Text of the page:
Idlis Steamed In Jackfruit Leaves (Khotto, Hittu, Khotte Kadubu)

Idlis Steamed In Jackfruit Leaves (Khotto, Hittu, Khotte Kadubu)

Idlis are steamed in jackfruit leaves baskets during any special occasion, during festivals in Konkani homes. These idlis made in jackfruit leaves are called khotto, hittu in Konkani and khotte kadubu in Kannada. These idlis in jackfruit leaves are considered pretty special in Konkani cuisine and are a must for breakfast or lunch during any of the special days, celebrations and festivals in Udupi, Mangalore, Kundapur regions of Karnataka. They are served for breakfast with a coconut chutney and with a sambar at times on those special days. If not are served as part of the spread for a lavish festival lunch.

Khotte are also a very popular daily breakfast in Udupi, Mangalore, Kundapur homes. Steaming hot khotte kadubu with loads of oil/butter on top and with a spicy coconut chutney is absolute heaven! Jackfruit leaves are weaved into tiny basket to steam idlis in them. These jackfruit leaves basket are then filled with idli batter and are steamed to make hittu/khotto/khotte kadubu. You say it's same old idli after eating it? They may be just idli, but don't you dare say that infront of Konkani's. :-) Like I said they are considered special and are worshipped in Konkani cuisine. :-) That's the amount of love and importance these idlis made in jackfruit leaves have. These idlis have a nice smell and taste from jackfruit leaves. They also help you save time and effort involved in cleaning the idli moulds. :-)

I just love devouring on steaming hot hittu with just loads of coconut oil on top! At home we also love eating cold khotto with a tomato rasam or with a spicy pickle. We powder cold leftover khotto and eat it with coconut oil, chopped onions and a dry, spicy coconut chutney made using asafoetida(recipe below). We also serve hot khotto with a spicy coconuy chutney, mango chutney and with a gingery coconut chutney (recipe below). Oooh! And the best part! Eat these idlis hot or cold with a payasam made using coconut milk and jaggery(like chanedali, mugadali payasu)! Yes! They taste just divine! And leftover idlis get turned into a flavourful dish called idli usli/idli phaan or into delish, crispy shallow fried idlis for evening snacks or the next day breakfast.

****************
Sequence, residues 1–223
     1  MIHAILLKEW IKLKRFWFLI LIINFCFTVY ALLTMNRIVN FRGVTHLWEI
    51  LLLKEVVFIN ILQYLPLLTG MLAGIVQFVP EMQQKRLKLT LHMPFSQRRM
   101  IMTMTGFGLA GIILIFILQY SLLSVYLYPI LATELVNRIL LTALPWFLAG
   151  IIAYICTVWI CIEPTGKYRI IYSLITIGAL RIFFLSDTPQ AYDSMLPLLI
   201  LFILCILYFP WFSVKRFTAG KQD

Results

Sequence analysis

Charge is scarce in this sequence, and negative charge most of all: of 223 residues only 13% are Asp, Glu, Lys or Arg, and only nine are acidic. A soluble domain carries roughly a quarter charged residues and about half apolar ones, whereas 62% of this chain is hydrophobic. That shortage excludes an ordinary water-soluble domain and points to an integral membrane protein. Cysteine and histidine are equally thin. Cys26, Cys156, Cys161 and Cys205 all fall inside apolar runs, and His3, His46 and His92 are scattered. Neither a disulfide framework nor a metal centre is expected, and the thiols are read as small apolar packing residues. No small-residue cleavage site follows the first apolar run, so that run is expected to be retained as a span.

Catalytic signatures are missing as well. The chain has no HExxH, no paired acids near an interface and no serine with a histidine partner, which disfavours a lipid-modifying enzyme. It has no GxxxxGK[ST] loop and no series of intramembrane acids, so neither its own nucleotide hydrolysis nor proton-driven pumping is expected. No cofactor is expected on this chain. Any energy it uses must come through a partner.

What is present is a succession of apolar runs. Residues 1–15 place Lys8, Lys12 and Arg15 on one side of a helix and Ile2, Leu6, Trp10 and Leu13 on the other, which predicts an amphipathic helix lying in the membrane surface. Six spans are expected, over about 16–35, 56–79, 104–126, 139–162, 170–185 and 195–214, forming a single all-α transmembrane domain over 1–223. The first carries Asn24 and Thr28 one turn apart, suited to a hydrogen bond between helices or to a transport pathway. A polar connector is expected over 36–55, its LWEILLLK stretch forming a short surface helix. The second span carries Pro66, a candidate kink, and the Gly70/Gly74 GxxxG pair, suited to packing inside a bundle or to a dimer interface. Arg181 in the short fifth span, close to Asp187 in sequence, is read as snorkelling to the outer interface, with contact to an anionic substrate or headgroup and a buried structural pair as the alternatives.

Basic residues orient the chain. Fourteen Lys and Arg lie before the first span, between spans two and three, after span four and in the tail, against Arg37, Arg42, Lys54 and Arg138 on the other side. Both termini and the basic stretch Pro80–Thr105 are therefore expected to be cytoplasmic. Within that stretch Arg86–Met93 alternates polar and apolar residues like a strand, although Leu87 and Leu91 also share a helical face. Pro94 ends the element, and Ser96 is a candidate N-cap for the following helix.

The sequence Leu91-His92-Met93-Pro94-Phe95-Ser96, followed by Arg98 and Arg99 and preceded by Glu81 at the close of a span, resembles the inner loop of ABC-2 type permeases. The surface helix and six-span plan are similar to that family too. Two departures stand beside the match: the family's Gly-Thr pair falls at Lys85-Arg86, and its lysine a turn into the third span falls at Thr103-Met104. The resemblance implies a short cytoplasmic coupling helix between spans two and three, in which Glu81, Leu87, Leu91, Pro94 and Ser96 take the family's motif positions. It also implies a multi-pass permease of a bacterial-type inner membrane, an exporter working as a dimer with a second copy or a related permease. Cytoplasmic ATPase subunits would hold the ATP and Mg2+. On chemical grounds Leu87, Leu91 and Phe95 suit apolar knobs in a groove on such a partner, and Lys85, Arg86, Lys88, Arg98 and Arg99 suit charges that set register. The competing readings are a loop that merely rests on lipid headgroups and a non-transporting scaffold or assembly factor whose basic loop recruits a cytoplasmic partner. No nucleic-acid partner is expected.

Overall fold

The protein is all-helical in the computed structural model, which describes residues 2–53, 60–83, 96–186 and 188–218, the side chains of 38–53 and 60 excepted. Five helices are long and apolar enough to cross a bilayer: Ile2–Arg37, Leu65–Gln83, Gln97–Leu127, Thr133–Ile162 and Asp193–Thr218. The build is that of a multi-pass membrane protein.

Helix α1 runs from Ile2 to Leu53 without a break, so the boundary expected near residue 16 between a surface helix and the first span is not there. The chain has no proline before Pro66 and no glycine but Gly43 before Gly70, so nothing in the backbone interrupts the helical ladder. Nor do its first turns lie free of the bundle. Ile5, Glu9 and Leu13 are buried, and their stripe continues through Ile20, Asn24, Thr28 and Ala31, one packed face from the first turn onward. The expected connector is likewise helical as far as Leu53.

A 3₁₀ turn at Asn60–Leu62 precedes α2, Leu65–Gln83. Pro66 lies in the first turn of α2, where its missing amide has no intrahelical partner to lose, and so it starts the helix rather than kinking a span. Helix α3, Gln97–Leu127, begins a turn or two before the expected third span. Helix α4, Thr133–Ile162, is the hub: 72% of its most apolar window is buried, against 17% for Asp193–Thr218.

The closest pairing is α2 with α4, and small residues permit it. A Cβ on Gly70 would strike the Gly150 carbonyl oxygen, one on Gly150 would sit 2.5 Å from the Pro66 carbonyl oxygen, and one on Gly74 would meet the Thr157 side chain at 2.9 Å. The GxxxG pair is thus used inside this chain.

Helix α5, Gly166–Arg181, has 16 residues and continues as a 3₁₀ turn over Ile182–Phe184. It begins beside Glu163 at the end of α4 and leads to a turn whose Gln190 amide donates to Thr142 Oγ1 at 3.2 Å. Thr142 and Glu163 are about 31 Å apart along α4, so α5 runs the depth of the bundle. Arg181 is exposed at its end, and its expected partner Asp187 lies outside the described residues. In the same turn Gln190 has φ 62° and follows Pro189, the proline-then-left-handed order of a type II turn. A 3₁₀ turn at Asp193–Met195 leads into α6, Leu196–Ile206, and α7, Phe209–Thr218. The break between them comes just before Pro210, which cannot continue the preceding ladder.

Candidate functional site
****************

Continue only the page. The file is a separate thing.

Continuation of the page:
• 3/4 cup split black lentil (urad dal)
  • 1.5 cups of rice semolina (idli rava, rice rava)
  • Salt to taste
  • 10-12 jackfruit leaves baskets

Serves: 2-3

Prep Time: 60 minutes, overnight fermentation

Cooking time: 20-30 minutes

Preparation Method:

  1. Grind the batter for these idlis on the previous night of preparation.
  2. And to make a batter, soak urad dal for a minimum of 30 minutes. Wash them well and drain all the water. 
  3. Grind them using as little water as possible into a smooth paste. I suggest using a wet grinder over a blender, for a super smooth batter. 
  4. Transfer the ground batter into a big vessel. Add in rice semolina, salt and mix well. The batter tends to rise on fermentation so use a bigger vessel.
  5. We need a semi-thick batter and not a very thick batter. The batter should fall off the ladle easily. So, add a little water if required. Be careful not to add excess.
  6. Keep the batter closed aside and allow it to ferment overnight for a minimum of 7-8 hours on hot days and 10-12 hours during winter. If you live in a cold region look for tips to ferment the batter below.
  7. Just before you steam these idlis in the morning, give the batter a nice mix as the semolina would have settled down at the bottom of the vessel.